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Acupuncture: Review and Analysis of Reports on Controlled Clinical Trials
(87 pages)

Table of Contents
View the documentAcknowledgements
Open this folder and view contentsIntroduction
close this folder1. General considerations
View the document1.1. Definition
View the document1.2. Need for evaluation
View the document1.3. Evaluation methodology
View the document1.4. Safety
View the document1.5. Availability and practicability
View the document1.6. Studies on therapeutic mechanisms
View the document1.7. Selection of clinical trial reports
Open this folder and view contents2. Review of clinical trial reports
View the document3. Diseases and disorders that can be treated with acupuncture
View the document4. Summary table of controlled clinical trials
View the documentReferences

1.7. Selection of clinical trial reports

In recent decades, numerous clinical trials have been reported; however, only formally published articles that meet one of the following criteria are included in this review:

• randomized controlled trials (mostly with sham acupuncture or conventional therapy as control) with an adequate number of patients observed;

• nonrandomized controlled clinical trials (mostly group comparisons) with an adequate number of patients observed and comparable conditions in the various groups prior to treatment.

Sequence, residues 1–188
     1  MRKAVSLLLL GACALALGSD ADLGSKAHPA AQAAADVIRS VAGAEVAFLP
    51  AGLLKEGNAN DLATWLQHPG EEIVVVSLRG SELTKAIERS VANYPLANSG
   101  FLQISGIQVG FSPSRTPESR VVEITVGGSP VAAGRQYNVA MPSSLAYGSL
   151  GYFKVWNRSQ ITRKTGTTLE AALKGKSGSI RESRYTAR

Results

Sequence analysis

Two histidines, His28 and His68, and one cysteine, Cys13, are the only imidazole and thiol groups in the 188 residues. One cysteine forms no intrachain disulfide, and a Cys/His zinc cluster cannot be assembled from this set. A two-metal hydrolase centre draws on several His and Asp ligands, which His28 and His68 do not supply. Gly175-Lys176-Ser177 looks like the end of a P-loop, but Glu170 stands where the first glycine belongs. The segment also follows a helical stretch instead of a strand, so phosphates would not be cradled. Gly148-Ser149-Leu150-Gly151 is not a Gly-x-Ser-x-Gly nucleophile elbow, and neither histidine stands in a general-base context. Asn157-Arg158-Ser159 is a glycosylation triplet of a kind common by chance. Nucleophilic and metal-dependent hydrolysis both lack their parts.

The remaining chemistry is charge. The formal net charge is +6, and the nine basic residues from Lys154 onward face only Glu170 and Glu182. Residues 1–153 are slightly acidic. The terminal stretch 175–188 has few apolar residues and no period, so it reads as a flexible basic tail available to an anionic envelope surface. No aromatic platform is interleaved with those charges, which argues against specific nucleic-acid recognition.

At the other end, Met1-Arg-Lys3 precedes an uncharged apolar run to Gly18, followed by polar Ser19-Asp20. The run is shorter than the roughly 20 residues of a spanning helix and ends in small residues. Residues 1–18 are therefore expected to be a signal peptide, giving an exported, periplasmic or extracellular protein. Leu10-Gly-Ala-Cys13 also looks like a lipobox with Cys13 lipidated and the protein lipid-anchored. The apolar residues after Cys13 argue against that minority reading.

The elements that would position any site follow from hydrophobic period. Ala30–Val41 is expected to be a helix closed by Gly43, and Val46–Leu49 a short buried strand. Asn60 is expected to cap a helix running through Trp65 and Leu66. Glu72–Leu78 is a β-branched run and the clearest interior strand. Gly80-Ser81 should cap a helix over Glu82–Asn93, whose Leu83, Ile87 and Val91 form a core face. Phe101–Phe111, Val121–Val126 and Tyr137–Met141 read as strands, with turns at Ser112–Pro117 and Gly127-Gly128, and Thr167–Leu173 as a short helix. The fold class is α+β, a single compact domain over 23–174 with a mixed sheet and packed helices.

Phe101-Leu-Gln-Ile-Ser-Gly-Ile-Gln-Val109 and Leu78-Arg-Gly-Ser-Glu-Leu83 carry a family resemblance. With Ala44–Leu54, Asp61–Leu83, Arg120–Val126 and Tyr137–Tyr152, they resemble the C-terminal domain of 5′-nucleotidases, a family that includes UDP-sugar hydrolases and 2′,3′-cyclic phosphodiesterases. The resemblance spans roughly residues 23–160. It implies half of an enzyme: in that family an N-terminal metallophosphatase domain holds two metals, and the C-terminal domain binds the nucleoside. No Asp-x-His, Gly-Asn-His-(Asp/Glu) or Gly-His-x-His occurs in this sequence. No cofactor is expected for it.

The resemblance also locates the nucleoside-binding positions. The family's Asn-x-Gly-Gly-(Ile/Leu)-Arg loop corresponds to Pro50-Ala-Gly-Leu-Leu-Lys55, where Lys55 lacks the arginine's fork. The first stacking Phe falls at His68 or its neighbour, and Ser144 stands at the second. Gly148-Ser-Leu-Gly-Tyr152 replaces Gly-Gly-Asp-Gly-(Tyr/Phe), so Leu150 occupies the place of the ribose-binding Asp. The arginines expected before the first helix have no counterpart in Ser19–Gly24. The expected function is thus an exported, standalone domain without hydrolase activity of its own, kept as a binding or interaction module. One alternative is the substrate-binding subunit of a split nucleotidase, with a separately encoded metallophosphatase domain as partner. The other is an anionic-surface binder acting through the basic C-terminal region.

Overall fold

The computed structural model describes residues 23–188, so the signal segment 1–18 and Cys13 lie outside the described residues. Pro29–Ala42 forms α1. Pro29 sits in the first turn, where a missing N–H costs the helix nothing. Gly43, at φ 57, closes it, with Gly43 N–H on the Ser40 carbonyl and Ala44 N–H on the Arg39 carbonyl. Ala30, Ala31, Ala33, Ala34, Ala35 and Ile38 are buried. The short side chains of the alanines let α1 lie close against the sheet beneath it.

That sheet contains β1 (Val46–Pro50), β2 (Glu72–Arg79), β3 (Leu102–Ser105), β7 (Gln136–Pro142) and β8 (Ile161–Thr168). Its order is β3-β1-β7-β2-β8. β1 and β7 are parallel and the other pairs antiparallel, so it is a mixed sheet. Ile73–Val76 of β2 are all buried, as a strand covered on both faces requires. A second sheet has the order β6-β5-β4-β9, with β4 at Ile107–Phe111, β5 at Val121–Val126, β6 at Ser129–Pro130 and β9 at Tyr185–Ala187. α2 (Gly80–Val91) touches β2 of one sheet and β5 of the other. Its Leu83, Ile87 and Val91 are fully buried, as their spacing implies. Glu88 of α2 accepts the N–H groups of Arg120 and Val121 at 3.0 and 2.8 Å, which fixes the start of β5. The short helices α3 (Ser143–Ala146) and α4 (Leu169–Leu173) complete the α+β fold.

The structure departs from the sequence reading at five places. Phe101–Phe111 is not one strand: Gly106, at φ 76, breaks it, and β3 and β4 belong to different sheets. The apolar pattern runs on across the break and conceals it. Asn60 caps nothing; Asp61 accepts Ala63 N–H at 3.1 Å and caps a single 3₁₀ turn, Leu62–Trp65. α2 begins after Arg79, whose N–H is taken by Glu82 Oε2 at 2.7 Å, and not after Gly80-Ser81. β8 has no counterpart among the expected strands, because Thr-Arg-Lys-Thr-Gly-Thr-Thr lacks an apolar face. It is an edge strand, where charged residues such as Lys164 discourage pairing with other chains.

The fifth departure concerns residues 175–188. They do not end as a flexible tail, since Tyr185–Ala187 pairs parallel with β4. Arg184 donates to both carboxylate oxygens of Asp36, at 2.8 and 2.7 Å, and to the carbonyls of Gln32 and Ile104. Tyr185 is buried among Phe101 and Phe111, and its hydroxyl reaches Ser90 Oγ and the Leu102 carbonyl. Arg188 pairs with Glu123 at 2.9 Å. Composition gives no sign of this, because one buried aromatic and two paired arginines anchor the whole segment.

In many published placebo-controlled trials, sham acupuncture was carried out by needling at incorrect, theoretically irrelevant sites. Such a control really only offers information about the most effective sites of needling, not about the specific effects of acupuncture (13). Positive results from such trials, which revealed that genuine acupuncture is superior to sham acupuncture with statistical significance, provide evidence showing the effectiveness of acupuncture treatment. On the other hand, negative results from such trials, in which both the genuine and sham acupuncture showed considerable therapeutic effects with no significant difference between them, can hardly be taken as evidence negating the effectiveness of acupuncture. In the latter case, especially in treatment of pain, most authors could only draw the conclusion that additional control studies were needed. Therefore, these reports are generally not included in this review.

The reports are first reviewed by groups of conditions for which acupuncture therapy is given (section 2). The clinical conditions covered have then been classified into four categories (section 3):

1. Diseases, symptoms or conditions for which acupuncture has been proved-through controlled trials-to be an effective treatment.

2. Diseases, symptoms or conditions for which the therapeutic effect of acupuncture has been shown, but for which further proof is needed.

3. Diseases, symptoms or conditions for which there are only individual controlled trials reporting some therapeutic effects, but for which acupuncture is worth trying because treatment by conventional and other therapies is difficult.

4. Diseases, symptoms or conditions in which acupuncture may be tried provided the practitioner has special modern medical knowledge and adequate monitoring equipment.

Section 4 provides a tabulated summary of the controlled clinical trials reviewed, giving information on the number of subjects, the study design, the type of acupuncture applied, the controls used and the results obtained.


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Last updated: May 4, 2012